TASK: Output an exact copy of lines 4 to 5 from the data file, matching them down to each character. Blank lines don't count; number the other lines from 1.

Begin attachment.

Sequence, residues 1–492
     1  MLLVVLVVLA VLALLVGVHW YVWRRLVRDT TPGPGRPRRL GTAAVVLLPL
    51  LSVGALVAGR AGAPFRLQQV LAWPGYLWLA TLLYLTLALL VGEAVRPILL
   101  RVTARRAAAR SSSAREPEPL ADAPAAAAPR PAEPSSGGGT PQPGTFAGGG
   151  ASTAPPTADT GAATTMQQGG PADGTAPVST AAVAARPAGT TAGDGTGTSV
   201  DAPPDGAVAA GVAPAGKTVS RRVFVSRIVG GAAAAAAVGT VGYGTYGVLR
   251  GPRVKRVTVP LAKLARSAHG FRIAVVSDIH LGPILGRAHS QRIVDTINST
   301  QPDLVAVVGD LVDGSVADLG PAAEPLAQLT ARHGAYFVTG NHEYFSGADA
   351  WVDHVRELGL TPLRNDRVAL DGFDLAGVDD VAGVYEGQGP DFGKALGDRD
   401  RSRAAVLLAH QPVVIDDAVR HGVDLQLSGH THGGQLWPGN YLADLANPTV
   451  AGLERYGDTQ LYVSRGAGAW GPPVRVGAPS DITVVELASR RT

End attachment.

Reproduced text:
   101  RVTARRAAAR SSSAREPEPL ADAPAAAAPR PAEPSSGGGT PQPGTFAGGG
   151  ASTAPPTADT GAATTMQQGG PADGTAPVST AAVAARPAGT TAGDGTGTSV